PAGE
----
Josh Felber: I wouldn’t doubt …

Mastin Kipp: I was just at a recent Mastermind and someone’s like, “Oh yeah, you’re walking with a treadmill desk, but you should buy this $65,000 machine that like does it for you.” I’m  just like, “You guys are crazy.” Entrepreneurs are crazy.

Josh Felber: Yeah. For me, I always like to get out and just go for a run, especially when I’m out just …

Mastin Kipp: Totally.

Josh Felber: Then you’re outside …

Mastin Kipp: Totally.

Josh Felber: … You don’t have to deal with all the people in the gym and stuff.

Mastin Kipp: So funny.

Josh Felber: Cool. We got a few minutes left. Where can people find about, find more about you? Where can they go get the book at?

Mastin Kipp: Awesome, well yeah. My website’s just simple. It’s just Mastin, M-A-S-T-I-N Kipp, K-I-P-P.com. The book is ClaimYourPowerBook.com. There, when you grab your copy of the book, it’s a 40 day process, so I’ve put in a 40 day coaching process to help you go through the book and sort of have me as your coach, so you can get that absolutely on the house when you go to ClaimYourPowerBook.com, too.

Josh Felber: Cool, that’s fantastic. One last thought, idea, wisdom that you want to leave our audience with before we wrap up?

Mastin Kipp: Sure. I think the biggest thing, and it’ll probably sound like a broken record, but when you can dedicate yourself to a cause and a purpose bigger than yourself, when you can get … That might just be in the beginning proving the haters wrong, like people who don’t think you can do it.

Josh Felber: Sure.

Mastin Kipp: When you tap into something larger than yourself and you offer your gift, even if you don’t know exactly what it is, but to others in the form of service, you are going to start off on an incredible journey, and the only thing that’s stopping you is past trauma.

When you really get clear on what that is for you and why it’s there, and not beat yourself up but understand that maybe you’re not going as fast as you could be because a part of you is scared to move forward, to me that is greatness. To me, that is really what power’s all about.

Josh Felber: Sure.

Mastin Kipp: That is what takes you to that next level. Consciously dedicate yourself to serving others and then also, consciously dedicate yourself to just doing the inner work, and don’t do the bypass. Really focus on taking really great care of yourself so that you can be a vessel of service.

Josh Felber: Awesome. Just one quick note. When you mentioned, “Hey, find a cause bigger than yourself,” because I don’t want people to think, “Oh, well I can’t go do that because I got to go Africa for six months, and I …” Maybe just give us a quick little insight …

Mastin Kipp: Sure.

Josh Felber: Because we want people to take action, we want for them to go do that.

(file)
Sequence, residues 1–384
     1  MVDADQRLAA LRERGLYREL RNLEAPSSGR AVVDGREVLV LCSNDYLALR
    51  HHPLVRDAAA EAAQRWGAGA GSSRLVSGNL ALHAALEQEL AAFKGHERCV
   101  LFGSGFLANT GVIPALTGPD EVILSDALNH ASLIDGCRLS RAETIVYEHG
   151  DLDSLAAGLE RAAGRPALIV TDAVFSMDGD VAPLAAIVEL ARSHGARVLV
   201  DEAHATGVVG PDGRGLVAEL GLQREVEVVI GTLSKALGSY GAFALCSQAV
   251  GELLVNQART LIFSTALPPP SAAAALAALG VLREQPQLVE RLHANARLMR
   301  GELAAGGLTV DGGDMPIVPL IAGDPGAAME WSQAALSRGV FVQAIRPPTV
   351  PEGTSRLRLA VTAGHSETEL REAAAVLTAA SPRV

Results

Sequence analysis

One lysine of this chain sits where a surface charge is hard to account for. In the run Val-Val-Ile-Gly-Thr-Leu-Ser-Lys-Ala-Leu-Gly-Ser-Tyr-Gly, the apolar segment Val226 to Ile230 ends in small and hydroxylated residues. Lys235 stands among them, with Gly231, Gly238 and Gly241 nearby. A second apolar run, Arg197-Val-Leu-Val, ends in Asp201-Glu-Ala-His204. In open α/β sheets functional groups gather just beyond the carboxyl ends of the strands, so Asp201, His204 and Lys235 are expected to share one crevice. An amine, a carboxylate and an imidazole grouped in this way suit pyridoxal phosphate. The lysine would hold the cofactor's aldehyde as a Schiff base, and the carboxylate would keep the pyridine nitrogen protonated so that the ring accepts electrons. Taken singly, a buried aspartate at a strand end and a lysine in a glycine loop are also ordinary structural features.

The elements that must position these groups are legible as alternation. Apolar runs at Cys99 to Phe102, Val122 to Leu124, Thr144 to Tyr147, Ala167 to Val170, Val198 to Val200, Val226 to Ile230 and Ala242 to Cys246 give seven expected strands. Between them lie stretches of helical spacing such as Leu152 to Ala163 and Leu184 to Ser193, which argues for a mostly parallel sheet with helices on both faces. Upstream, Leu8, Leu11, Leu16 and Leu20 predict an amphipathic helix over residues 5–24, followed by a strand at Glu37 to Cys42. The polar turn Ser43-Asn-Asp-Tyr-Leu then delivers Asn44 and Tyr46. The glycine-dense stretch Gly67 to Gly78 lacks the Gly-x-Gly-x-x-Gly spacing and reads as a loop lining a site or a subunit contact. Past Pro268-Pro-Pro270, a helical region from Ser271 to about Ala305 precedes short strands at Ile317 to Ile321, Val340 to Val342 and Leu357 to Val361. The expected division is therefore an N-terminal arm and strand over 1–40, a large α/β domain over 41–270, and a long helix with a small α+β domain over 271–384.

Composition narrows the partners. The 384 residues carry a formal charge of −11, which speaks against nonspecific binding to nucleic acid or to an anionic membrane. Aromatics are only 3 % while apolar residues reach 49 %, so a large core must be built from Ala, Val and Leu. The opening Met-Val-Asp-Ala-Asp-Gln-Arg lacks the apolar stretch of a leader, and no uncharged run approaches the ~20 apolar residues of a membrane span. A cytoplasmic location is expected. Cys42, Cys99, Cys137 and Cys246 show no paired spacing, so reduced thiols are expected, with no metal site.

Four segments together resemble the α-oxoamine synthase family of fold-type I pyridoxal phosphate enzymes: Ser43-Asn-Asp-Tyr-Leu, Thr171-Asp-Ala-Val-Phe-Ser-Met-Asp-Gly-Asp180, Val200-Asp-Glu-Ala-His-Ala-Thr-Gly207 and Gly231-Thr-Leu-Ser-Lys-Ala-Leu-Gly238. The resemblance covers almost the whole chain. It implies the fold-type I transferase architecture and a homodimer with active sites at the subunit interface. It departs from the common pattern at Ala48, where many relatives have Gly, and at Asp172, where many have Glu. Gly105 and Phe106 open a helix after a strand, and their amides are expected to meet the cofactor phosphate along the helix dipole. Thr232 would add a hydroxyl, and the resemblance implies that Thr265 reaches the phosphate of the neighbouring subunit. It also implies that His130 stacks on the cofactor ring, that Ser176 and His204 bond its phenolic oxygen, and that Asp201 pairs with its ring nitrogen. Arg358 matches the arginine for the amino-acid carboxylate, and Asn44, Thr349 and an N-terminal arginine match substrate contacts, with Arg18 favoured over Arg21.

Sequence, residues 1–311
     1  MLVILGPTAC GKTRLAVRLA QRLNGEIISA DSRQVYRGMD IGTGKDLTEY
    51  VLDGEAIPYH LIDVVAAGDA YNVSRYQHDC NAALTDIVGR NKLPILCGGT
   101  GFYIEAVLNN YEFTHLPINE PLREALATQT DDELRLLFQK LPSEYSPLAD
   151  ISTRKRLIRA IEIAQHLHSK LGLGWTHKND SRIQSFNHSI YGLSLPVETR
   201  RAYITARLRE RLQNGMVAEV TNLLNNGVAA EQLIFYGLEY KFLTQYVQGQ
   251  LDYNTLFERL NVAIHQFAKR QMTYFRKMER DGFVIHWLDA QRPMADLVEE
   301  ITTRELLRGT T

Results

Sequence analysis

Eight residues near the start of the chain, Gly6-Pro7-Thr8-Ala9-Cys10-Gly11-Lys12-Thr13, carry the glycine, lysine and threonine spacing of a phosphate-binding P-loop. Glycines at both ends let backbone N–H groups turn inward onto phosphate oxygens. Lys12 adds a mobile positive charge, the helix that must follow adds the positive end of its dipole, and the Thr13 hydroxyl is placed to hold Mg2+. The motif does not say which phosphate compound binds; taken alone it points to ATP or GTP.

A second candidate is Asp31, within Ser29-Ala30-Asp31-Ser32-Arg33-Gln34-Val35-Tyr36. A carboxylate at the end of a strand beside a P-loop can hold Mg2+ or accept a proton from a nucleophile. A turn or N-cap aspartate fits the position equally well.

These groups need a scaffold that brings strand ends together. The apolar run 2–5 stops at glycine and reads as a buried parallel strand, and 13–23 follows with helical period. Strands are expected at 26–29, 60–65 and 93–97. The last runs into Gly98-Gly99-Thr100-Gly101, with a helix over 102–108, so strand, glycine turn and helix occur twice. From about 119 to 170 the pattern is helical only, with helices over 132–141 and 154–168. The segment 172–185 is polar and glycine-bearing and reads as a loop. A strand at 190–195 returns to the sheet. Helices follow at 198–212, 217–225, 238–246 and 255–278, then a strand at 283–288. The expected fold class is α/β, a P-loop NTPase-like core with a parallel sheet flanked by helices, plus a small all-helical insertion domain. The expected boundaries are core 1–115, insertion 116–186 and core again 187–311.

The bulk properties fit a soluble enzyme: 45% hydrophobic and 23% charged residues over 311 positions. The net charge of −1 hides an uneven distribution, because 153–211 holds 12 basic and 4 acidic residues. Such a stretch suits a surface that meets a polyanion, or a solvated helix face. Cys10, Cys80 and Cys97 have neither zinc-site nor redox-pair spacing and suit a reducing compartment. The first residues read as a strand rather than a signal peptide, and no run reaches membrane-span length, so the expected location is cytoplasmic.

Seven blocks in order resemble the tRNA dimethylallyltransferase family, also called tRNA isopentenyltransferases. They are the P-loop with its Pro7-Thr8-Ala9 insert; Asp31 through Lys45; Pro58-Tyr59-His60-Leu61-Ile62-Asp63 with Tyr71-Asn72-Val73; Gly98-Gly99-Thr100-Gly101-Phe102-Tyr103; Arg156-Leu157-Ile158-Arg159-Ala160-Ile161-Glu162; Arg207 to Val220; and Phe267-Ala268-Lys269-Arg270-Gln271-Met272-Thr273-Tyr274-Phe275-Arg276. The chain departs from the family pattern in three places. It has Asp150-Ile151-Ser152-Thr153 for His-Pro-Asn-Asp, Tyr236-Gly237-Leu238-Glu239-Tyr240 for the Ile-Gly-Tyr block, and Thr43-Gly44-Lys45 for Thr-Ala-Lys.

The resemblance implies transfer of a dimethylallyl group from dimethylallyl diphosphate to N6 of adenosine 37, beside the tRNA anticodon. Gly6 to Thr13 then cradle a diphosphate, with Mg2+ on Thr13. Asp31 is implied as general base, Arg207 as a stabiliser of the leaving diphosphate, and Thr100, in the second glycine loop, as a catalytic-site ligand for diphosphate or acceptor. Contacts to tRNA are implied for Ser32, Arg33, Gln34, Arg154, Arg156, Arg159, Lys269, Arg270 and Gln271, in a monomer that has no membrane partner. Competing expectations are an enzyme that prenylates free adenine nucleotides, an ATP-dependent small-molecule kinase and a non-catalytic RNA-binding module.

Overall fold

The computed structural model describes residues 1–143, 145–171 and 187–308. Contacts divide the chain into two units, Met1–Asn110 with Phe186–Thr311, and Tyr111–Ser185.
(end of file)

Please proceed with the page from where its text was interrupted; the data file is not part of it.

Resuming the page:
Mastin Kipp: For sure. There’s a couple different phases. If you’re just getting started and you’re in fight or flight mode and you’re worrying about paying your bills, it doesn’t really matter that other people, that there’s other issues out there.

Josh Felber: Right.

Mastin Kipp: It could literally be proving the people wrong who said, “You can’t do it.”

Josh Felber: Right, okay.

Mastin Kipp: If you’re just getting started and you’re wondering, “Should I do this?” Just know that every time you don’t take action or start your business, the person who hurt you or the person who said that you couldn’t do it is winning.

Josh Felber: Right.

Mastin Kipp: Prove them wrong. Some of the best success is revenge. Now at some point, that’s going to get old, and you’re going to have to learn how to focus on what the world needs and start to focus on, like certain types of problems will be coming to you.

Josh Felber: Ahh, okay.

Mastin Kipp: You’ll start to be able to figure that out, but it’s a discovery process. You’re not going to know that ahead of time, so don’t try to know stuff that you don’t know before you know it.

Josh Felber: Right.

Mastin Kipp: See it as a daily process, but in the very beginning, prove the haters wrong because if you don’t take action, they’re right.

Josh Felber: True.

Mastin Kipp: That usually gets people like, “Hey man, I’m not fucking around. I’m going to fucking do this.”

Josh Felber: Yeah.

Mastin Kipp: That to me is really important. Eventually, I’m no longer trying to prove the people wrong who said I couldn’t do it, because my demonstration proves them wrong.

Josh Felber: Right.

Mastin Kipp: Now what fuels me is I want to put an end to trauma because it’s hereditary. That’s a larger cause, but now because I have a larger business and I can focus on that, it’s cool to focus on that. For just now, if you’re just getting started, prove the haters wrong.

Josh Felber: Cool, awesome.

Mastin Kipp: Right now, not tomorrow.

Josh Felber: Yeah. Do it right now. Well, awesome. Well, Mastin, I really appreciate your time coming on …

Mastin Kipp: Oh, man …

Josh Felber: … Just sharing your knowledge with our “Making Bank” audience, and just connecting with them. Guys, I want you guys to get out there, go grab “Claim Your Power,” really dive into it. Learn, understand it, and start applying it in your life today. Also, rewind, go back and watch this video again. It was chock full of so much information that’s going to help you transform your life. Mastin, thank you again for coming on “Making Bank” today.

Mastin Kipp: Josh, thank you so much, man. It was so much fun, the time went by so fast.

Josh Felber: I know.

Mastin Kipp: It was great speaking with you, man.

Josh Felber: I am Josh Felber. You are watching “Making Bank.” Get out and be extraordinary.